For amps, I would prolly go for a Small Fender amp, like something with 25watts or so, to start with.

    I like the Fender amps, they are pretty well built, and I think are one of the best 'bang for the buck' amps avaliable.

  9. Victor Wooten98

    Victor Wooten98 Guest

    Jul 31, 2003
    South of Heaven...
    One thing about the Bass in general that I think EVERYONE can agree with;

    The bass guitar is one of the easiest instraments to learn how to play.

    BUT it is also one of the most Chalenging instraments to master.

    Good luck, When you get into the hard stuff (I know you will) dont give up!

    Go listen to Victor Wooten, Jaco Pastorious, and John Patituchi-----THEN you will understand

  10. Tim Cole

    Tim Cole

    Jun 12, 2002
    Findlay, Ohio
    Amy instrument is easy to play poorly, which is the point of my post. Doesn't matter how many resources your instrument has, there are only 11 notes on any of them.

    That's okay, the guys that think that their 30 days of instruction on the learning end is adequate, will keep myself, and others who take it seriously busy with all the good gigs.
  11. THANK YOU! You guys are awesome! I hope to make some friends on here and rock out hard core syle with ya! Thanks again! :D
  12. Welcome to TB.

    Just spend a lot of time here going through threads and you will pick up things very quickly.

    I did:cool:

  13. Spelling is also challenging for some bass players!

  14. Victor Wooten98

    Victor Wooten98 Guest

    Jul 31, 2003
    South of Heaven...
    I am learning to type, the backspace button is getting ALL the attention.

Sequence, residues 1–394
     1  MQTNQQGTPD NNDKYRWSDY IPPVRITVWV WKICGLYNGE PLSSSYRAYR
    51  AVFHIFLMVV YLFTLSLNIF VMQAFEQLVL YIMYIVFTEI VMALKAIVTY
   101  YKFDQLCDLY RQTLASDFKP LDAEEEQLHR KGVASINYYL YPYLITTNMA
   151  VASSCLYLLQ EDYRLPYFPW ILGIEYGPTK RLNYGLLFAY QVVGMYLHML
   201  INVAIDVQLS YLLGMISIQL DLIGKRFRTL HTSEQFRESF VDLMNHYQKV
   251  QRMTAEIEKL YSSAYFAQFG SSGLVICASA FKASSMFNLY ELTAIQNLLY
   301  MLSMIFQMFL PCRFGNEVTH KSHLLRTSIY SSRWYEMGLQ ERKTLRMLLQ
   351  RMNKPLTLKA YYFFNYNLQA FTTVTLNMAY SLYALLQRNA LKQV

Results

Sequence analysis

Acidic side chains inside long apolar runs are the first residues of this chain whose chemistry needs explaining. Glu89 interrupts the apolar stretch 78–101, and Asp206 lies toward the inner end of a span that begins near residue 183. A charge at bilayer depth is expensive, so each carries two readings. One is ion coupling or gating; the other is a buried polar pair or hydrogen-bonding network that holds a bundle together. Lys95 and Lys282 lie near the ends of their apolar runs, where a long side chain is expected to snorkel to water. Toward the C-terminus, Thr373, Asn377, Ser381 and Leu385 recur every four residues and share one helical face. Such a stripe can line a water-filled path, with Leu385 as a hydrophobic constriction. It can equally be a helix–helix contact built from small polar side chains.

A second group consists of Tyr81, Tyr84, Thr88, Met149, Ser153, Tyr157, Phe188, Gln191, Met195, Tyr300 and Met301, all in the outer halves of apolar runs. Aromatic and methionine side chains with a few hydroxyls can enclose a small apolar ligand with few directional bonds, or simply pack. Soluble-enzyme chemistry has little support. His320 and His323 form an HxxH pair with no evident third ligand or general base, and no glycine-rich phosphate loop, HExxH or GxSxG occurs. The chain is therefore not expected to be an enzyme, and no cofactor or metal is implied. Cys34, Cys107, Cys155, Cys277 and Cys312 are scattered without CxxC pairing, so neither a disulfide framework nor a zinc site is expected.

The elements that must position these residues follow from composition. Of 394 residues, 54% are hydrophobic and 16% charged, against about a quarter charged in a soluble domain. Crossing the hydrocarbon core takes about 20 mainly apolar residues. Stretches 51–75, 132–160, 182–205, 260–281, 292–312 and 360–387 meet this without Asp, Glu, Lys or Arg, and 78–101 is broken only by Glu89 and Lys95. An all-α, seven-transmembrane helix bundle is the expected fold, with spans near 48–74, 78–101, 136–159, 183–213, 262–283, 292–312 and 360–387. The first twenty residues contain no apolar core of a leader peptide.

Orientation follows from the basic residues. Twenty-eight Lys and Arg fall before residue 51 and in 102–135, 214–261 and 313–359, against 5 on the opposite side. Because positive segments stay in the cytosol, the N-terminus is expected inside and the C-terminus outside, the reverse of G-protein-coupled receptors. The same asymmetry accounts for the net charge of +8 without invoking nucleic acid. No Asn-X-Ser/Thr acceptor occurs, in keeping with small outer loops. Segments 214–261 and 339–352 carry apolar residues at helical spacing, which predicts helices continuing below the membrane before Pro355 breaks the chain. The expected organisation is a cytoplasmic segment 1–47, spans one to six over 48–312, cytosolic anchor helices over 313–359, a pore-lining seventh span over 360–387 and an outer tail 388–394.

TRUST ME, I have been playing flute for 9 years and I as STILL learning, you never stop learning, you never stop getting better either, Music is a Life long relationship (or at least it is for me) I dont know what I would do with my spare time If I didnt play. Better than Rotting your brain with Video Games, but games are fun too :D
  15. Victor Wooten98

    Victor Wooten98 Guest

    Jul 31, 2003
    South of Heaven...
    BTW, do you guys play any other instraments?

    Just wondering...
  16. cheezewiz


    Mar 27, 2002
  17. *ToNeS*


    Jan 12, 2001
    Sydney AU
    Dude, I dig your flow :D

    P.S. Does anyone else find it incredibly funny that he's screen-named himself after arguably one of the greatest bassists alive at the moment?
  18. Victor Wooten98

    Victor Wooten98 Guest

    Jul 31, 2003
    South of Heaven...
    Victor Wooten is my Hero, I could have named myself Jaco Pastorious223 or something.

    Whats wrong with my screen name?
  19. Amy, I really am glad to see all the people helping you out. I wish I got this kind of treatment when I first started (could have saved me a couple of E strings, from when i thought you tuned your E UP to a D in Drop-D).

    You'll sure enjoy your stay here. And before you know it, this place will become like Internet Crack! (I'm serious...)

    Edit: read your profile. A Rogue bass eh? Well, at least now you can only go up! ;)
  20. *ToNeS*


    Jan 12, 2001
    Sydney AU
    It makes me laugh, so there's nothing wrong with it at all! It's the coolest. Keep it, okay? Don't ever change for nobody. No, not even me. :p
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    Primary TB Assistant